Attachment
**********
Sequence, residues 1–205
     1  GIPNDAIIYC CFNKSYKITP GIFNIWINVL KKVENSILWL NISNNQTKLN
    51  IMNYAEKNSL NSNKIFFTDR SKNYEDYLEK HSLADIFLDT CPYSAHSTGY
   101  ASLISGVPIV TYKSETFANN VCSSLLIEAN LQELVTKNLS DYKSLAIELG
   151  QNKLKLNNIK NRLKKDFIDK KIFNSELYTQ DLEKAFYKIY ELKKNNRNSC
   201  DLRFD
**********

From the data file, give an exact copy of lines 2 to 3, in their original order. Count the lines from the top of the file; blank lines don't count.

     1  GIPNDAIIYC CFNKSYKITP GIFNIWINVL KKVENSILWL NISNNQTKLN
    51  IMNYAEKNSL NSNKIFFTDR SKNYEDYLEK HSLADIFLDT CPYSAHSTGY